Australia enjoys one of the world’s highest life expectancies. But are Aboriginal and Torres Strait Islanders really only 10 years behind in the life expectancy stakes? More Australians are identifying as Aboriginal and Torres Strait Islanders, taking rightful pride in their heritage, but these hundreds of thousands now identifying have not lived generationally marginalised. The collectivised median age masks regions of people who are living up to three decades less.
After years of disaggregating and of arguing that if we do not disaggregate and highlight we allow for masking, invisibility and discrimination, it is a relief to find that the United Nations High Commission is arguing likewise. The High Commission compiled a report tabled February 25, 2015. It argues 'leave no one behind'.
There has been a recurrent call for data disaggregation, as part of the disaggregated statistics will be key to support tailored and evidence-based policy formulation.”
It is clear that the greater level of disaggregation will pose a number of challenges to official statistics, and thus, discussion on this topic is timely and resonates with the discussion on the "Data Revolution".
The report criticised the data sources for the Millennium Development Goals as
'designed primarily to produce national averages and tend to mask disparities and exclude population groups that may be among the poorest of the poor or the most vulnerable and marginalised.'
The report argues that from a human rights perspective this should not be allowed and that without disaggregation there is discrimination.
Data must also enable us to reach the neediest, and find out whether they are receiving essential services. This means that data gathered will need to be disaggregated by gender, geography, income, disability, and other categories, to make sure that no group is being left behind.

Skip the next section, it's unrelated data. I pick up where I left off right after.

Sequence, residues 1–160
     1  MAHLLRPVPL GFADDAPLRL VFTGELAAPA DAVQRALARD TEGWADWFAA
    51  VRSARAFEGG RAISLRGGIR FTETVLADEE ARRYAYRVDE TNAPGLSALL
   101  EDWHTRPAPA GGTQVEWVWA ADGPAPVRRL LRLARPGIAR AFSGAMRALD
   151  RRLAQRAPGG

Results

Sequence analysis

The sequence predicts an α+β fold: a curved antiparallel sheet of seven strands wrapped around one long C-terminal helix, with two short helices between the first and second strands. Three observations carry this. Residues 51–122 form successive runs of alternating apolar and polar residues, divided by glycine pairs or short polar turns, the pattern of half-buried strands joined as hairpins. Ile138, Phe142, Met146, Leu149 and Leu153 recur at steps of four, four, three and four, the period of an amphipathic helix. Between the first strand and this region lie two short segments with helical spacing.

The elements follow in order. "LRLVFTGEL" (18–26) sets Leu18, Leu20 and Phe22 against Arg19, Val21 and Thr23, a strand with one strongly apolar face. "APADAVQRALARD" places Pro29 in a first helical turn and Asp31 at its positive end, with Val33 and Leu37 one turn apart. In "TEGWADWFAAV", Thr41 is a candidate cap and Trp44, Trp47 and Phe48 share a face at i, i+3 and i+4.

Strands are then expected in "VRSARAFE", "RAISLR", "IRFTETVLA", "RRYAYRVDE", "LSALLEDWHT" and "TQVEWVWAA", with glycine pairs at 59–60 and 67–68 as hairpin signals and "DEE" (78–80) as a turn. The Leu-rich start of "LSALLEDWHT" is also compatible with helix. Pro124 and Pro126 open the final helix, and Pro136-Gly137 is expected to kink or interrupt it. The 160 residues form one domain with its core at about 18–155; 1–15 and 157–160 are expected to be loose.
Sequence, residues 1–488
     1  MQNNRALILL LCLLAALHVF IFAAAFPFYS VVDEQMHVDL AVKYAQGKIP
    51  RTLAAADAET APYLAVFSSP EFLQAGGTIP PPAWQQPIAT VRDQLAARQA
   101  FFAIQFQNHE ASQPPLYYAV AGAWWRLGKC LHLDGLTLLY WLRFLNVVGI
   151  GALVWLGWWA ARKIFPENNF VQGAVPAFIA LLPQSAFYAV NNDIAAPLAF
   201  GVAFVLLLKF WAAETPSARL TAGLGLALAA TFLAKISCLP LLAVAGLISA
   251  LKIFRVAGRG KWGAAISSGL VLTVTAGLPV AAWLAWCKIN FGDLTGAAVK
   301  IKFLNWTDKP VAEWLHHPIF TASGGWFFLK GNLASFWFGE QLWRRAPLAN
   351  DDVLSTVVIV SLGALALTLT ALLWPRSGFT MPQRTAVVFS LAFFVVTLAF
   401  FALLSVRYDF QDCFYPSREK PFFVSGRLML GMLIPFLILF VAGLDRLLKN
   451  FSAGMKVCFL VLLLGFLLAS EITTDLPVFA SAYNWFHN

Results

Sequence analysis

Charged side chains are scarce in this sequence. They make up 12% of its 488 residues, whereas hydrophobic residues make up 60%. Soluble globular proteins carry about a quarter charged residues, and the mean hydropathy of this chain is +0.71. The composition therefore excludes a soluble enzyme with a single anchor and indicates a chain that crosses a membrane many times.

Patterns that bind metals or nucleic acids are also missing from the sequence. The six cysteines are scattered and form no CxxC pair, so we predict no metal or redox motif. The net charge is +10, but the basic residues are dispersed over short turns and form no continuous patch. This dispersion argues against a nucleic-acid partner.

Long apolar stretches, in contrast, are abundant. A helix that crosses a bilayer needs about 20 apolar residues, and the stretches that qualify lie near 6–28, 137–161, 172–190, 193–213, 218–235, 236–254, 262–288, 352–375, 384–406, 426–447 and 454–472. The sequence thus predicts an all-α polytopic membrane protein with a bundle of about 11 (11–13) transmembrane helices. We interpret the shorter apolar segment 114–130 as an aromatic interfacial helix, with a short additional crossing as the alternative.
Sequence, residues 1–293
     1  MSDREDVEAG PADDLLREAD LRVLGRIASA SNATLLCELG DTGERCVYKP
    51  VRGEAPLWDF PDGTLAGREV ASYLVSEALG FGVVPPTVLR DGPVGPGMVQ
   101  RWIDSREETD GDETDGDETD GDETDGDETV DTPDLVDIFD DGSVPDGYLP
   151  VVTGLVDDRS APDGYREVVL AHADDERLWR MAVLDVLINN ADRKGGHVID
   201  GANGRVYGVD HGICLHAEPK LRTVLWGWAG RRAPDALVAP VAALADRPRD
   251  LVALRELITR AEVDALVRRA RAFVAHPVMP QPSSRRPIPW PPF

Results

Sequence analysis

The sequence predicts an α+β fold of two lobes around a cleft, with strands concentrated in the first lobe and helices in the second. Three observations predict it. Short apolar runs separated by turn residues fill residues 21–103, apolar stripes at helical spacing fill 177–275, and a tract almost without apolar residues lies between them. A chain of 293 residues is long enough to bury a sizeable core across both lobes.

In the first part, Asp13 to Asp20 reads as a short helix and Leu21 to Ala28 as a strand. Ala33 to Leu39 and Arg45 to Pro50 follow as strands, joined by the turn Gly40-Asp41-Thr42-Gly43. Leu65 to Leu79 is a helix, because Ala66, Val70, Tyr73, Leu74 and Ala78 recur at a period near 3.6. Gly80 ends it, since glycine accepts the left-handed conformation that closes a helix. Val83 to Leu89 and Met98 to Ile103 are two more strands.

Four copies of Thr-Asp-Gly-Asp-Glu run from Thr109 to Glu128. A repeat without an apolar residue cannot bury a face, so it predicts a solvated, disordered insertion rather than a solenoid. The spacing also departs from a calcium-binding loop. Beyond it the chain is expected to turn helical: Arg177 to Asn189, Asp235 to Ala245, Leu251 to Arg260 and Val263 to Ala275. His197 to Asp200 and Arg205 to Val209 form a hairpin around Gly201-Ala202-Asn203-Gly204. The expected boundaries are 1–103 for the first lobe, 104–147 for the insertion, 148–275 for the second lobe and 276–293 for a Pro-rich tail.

No goal or target should be considered met until it is met for all groups that are affected, particularly the lowest quintiles of the national income distribution, ensuring that we leave no one behind.
No one should be invisible.
With the presumption of a 10 year life expectancy gap without guarantee, calculated as an estimate on Aboriginal and Torres Strait Islanders born today, we neglect what needs to be done in the present for those whose lives should be improved to ensure they do not die decades sooner. When we collectivise data and highlight the overall median we fail people demographically — they become invisible. When we highlight the suicide rates on national and collectivised trends we make invisible regions where the people are suiciding at among the highest rates in the nation.
Some disaggregated statistics include:
- One in 13 of Western Australia’s Indigenous adult males are in prison today
- One in nine Aboriginal and Torres Straits people have been to jail
- One in six Western Australian and Northern Territorian Aboriginal and Torres Strait Islanders have been to jail
- Of Aboriginal and Torres Strait Islanders aged 15 to 35 years, nearly one in three deaths is a suicide
- The Kimberley region’s Aboriginal peoples have the highest suicide rate in the nation and one of the highest in the world
- One in four of Australia’s homeless are Indigenous Australians
We must disaggregate and highlight information so as to put to an end to invisibility and discrimination and the narrative of victimhood. Victimisation does occur and where it is invisible, it has no chance of recovery, or of a way forward. It is fact that there is a narrative of victimhood because for many of us it is there to see, surrounding whole communities throughout this continent even if the majority of Australians do not see them.
There are many who are doing everything they can to make a difference but despite this, little changes. Australians are spared the reality because far too many are made invisible and various narrators and examiners mask the telling narrative with collectivised data, with aggregations instead of disaggregation and tell instead a different tale.
Some of those with power – and living true as oppressors – are prepared to sacrifice a couple of generations in the cruelty that assimilation will plateau and then even out the statistical narrative between Indigenous Australians and the rest of the population. When poverty levels and jailing and suicide rates are among the highest in the world, then there is a narrative of victimhood.
It is a fact that Indigenous Australians are living more than two decades less than the rest of the population. It is not a fact that Aboriginal and Torres Strait Islanders born today will live on average 10 years less, this is a target just like the Closing the Gap targets.
Gerry Georgatos is a researcher at the Institute of Social Justice and Human Rights.
This work is licensed under a Creative Commons Attribution-NonCommercial-NoDerivs 3.0 Australia License